I met a friend for coffee a few weeks ago. It is a coffee shop that she and I go to pretty regularly, but we hadn't been there for a few months. I parked my car, got out, and started walking, but then stopped in my tracks as I remembered the last time I was on that street. It was with a different friend. That is exactly where I was parked I thought. And that is exactly where we were standing when we kissed. And, yeah, that situation ended up differently than I wish it would have, but I couldn't help smiling as the details of it rushed back to me. The urgency, the thrill. The taste of the beer we'd been drinking. The chilly, fall air counter-acted by the warmth of another person's body. The stillness of an abandoned street at one a.m. I relished in the memory of it for a brief moment, feeling at once both slightly giddy and profoundly sad, before continuing down the street to my destination.
It was nice to find that simple place evocative. Nice that a little, nondescript side street in Downtown Minneapolis made my heart beat differently for a second. It made me feel a connection to these Cities in which I live and work. It gave me ties --roots-- to this place. After years of living here, and longing to be back in London or St. Joe or home on the prairie, they're finally not just random streets anymore. They have context and connotations now.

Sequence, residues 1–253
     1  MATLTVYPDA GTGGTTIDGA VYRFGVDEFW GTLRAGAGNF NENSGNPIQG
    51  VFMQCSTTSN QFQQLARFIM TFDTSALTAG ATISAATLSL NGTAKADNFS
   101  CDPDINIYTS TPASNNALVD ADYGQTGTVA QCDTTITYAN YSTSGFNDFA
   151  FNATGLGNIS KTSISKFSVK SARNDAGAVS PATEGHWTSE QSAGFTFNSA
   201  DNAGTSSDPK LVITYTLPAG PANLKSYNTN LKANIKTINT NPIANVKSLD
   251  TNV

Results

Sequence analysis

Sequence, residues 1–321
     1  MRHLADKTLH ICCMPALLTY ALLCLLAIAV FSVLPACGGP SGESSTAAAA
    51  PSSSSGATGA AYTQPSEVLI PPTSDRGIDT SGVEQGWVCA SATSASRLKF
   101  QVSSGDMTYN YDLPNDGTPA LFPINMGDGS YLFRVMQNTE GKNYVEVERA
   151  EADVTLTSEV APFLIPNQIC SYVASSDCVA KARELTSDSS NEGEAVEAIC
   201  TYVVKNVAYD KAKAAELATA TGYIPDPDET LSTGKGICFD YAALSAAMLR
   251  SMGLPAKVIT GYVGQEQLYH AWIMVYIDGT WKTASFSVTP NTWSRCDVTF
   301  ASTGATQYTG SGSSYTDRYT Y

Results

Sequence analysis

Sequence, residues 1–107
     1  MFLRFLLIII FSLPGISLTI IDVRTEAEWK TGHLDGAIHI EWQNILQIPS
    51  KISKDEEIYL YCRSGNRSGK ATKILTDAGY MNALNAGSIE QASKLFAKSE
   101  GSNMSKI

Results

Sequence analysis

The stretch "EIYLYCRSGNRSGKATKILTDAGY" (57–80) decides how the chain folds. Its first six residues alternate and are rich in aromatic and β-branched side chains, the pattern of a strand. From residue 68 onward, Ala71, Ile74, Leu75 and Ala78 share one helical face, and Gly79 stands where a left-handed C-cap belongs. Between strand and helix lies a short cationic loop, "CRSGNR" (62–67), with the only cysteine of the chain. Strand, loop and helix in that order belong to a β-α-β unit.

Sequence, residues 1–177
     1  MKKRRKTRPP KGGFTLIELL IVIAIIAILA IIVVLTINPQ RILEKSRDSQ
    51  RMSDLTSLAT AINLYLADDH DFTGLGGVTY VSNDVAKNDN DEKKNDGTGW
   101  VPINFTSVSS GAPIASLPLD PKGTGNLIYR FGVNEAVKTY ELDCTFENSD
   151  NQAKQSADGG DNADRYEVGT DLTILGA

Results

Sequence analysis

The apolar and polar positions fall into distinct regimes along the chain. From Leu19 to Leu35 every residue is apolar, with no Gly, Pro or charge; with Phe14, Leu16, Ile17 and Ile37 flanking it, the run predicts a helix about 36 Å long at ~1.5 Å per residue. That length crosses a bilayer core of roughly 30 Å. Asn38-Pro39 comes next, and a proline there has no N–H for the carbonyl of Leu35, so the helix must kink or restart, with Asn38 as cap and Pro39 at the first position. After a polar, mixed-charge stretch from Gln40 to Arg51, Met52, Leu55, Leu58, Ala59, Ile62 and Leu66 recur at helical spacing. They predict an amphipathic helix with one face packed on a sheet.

Because now I can walk past a spot on the shores of Lake Calhoun and remember how my cousin and I sat there for three hours naming ducks and imagining intricate stories about their complicated, scandalous lives, vowing to return and see Gregory and Patrice's babies after they hatched.
Or I can drive past a restaurant and remember when it was a different restaurant and my mom and dad and I would go there for breakfast all the time because they had grapefruit soda from Jamaica and the most delicious sweet potato pancakes with papaya rum compote, candied pecans, and sweetened whipped cream.
So, yeah, with that guy, that night held more significance for me than it did for him and instead of being closer now, we're further away and I think that's a shame. And we didn't make it back to see Gregory and Patrice's babies until they were already grown so we didn't get to see them as downy little duckings trailing behind their mama on quiet, reflective water. And Caribe closed, and I can't find Ting anywhere but Amazon.com and that one Tesco Express in Covent Garden. But still, it's nice to have remembrances. They sometimes leave me with a happy heart, they sometimes leave me with a heavy one. But still.